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RECURSIVE ALGORITHMS Recurrence Relation • An equation that defines each element of a sequence in terms of one or more earlier elements • Example: – Fibonacci Numbers may be described by the recurrence relation: • F(n) = F(n-1) + F(n-2) – where F(1)=1 – and F(2)=1 Solving Recurrence Relations • Many techniques exist to solve specific types of recurrence relations • None have proven to provide a solution to all recurrence relations Backward Substitution • Linear Search – Recursively look at an element (constant work, c), then search the remaining elements… • T(n) = T( n-1 ) + c • “The cost of searching n elements is the cost of looking at 1 element, plus the cost of searching n-1 elements” Linear Search • We’ll “unwind” a few of these T(n) = T(n-1) + c (1) But, T(n-1) = T(n-2) + c, from above Substituting back in: T(n) = T(n-2) + c + c Gathering like terms T(n) = T(n-2) + 2c (2) Linear Search • Keep going: T(n) = T(n-2) + 2c T(n-2) = T(n-3) + c T(n) = T(n-3) + c + 2c T(n) = T(n-3) + 3c (3) T(n) = T(n-4) + 4c (4) List of intermediates Result at ith unwinding i T(n) = T(n-1) + 1c 1 T(n) = T(n-2) + 2c 2 T(n) = T(n-3) + 3c 3 T(n) = T(n-4) + 4c 4 Linear Search • An expression for the kth unwinding: T(n) = T(n-k) + kc • We have 2 variables, k and n, but we have a relation • T(d) is constant (can be determined) for some constant d (we know the algorithm) • Choose any convenient number to stop. Linear Search • Let’s decide to stop at T(0). – When the list to search is empty, you’re done… • 0 is convenient, in this example… Let n-k = 0 => n=k • Now, substitute n in everywhere for k: T(n) = T(n-n) + nc T(n) = T(0) + nc = nc + c0 = O(n) ( T(0) is some constant, c0 ) Binary Search • Algorithm – “check middle, then search lower ½ or upper ½” • T(n) = T(n/2) + c where c is some constant, the cost of checking the middle… Binary Search Let’s do some quick substitutions: T(n) = T(n/2) + c (1) but T(n/2) = T(n/4) + c, so T(n) = T(n/4) + c + c T(n) = T(n/4) + 2c (2) T(n/4) = T(n/8) + c T(n) = T(n/8) + c + 2c T(n) = T(n/8) + 3c (3) Binary Search Result at ith unwinding i T(n) = T(n/2) + c 1 T(n) = T(n/4) + 2c 2 T(n) = T(n/8) + 3c 3 T(n) = T(n/16) + 4c 4 Binary Search Result at ith unwinding i T(n) = T(n/2) + c =T(n/21) + 1c 1 T(n) = T(n/4) + 2c =T(n/22) + 2c 2 T(n) = T(n/8) + 3c =T(n/23) + 3c 3 T(n) = T(n/16) + 4c =T(n/24) + 4c 4 Binary Search • After k unwindings: T(n) = T(n/2k) + kc • So, let: n/2k = 1 => n = 2k => k = log2n = lg n • Substituting back in (getting rid of k): T(n) = T(1) + c lg(n) = c lg(n) + c0 = O( lg(n) ) Solving the Fibonacci Recurrence • Lets go back to the Fibonnacci series • This is a linear homogenous recurrence with constant coefficients: fn - fn-1 - fn-2 = 0 • The characteristic equation is: x2 - x - 1= 0 MergeSort MergeSort Analysis T(n) = number of comparisons to mergesort an input of size n Mergesort recurrence Solving the mergesort recurrence = O(n Log (n) ) Quicksort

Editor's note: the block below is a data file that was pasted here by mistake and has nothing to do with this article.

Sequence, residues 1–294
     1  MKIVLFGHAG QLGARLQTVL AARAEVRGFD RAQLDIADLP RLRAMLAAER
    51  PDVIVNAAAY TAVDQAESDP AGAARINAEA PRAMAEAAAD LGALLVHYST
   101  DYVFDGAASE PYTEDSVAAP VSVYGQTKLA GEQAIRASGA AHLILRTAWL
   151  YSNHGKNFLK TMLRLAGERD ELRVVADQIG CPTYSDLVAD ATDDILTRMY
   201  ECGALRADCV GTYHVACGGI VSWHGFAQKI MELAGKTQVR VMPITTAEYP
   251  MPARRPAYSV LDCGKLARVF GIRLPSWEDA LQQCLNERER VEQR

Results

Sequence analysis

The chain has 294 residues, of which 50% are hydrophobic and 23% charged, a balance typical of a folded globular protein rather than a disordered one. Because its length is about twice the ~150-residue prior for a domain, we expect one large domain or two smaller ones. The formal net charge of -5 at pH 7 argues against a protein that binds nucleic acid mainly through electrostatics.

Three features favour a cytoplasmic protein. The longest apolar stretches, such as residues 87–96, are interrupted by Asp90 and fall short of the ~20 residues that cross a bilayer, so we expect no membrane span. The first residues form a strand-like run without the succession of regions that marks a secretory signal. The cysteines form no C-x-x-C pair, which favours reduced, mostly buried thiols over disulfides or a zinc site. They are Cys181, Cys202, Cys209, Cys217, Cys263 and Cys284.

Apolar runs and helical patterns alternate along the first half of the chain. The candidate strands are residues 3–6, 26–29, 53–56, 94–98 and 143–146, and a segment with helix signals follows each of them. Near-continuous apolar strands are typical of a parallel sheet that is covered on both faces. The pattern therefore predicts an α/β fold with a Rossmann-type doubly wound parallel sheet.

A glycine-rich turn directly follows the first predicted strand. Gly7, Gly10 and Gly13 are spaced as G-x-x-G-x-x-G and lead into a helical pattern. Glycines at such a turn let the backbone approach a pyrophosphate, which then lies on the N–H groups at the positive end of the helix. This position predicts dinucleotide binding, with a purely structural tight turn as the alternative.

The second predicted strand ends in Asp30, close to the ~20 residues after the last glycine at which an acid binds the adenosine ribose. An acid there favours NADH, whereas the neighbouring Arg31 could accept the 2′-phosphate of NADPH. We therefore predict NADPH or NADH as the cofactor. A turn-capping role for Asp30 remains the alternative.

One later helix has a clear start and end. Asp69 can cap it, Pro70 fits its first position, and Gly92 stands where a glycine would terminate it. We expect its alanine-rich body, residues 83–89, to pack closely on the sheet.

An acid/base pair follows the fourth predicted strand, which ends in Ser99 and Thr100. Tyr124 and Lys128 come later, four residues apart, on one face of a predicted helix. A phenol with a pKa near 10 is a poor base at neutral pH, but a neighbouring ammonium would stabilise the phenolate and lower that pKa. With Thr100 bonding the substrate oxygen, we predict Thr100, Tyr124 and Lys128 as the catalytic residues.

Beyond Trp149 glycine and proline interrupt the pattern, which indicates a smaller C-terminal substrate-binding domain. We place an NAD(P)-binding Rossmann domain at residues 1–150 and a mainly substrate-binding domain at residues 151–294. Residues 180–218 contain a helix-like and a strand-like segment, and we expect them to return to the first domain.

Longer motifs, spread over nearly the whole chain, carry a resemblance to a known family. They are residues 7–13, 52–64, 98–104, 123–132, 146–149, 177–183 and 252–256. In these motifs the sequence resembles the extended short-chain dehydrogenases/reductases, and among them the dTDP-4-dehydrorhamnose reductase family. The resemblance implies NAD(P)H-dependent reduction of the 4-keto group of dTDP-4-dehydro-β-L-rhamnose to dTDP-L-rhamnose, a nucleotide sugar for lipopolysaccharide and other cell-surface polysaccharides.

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Recursive Algorithms, Recursive Relations, Backward Substitution, Linear Search, Binary Search, Fibonacci Recurrence, Merge Sort, Merge Sort Analysis, Merge Sort Recurrence, Quick Sort

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posted: | 10/5/2011 |

language: | English |

pages: | 19 |

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Recursive Algorithms with Examples: Recursive Relations and Algorithms Backword Subsititution with Linear, Binary search, Fibonacci Recurrence Relation and Merge Sort Analysis with Merge Sort Recurrence Relation and Quick Sort with Analysis with Examples...

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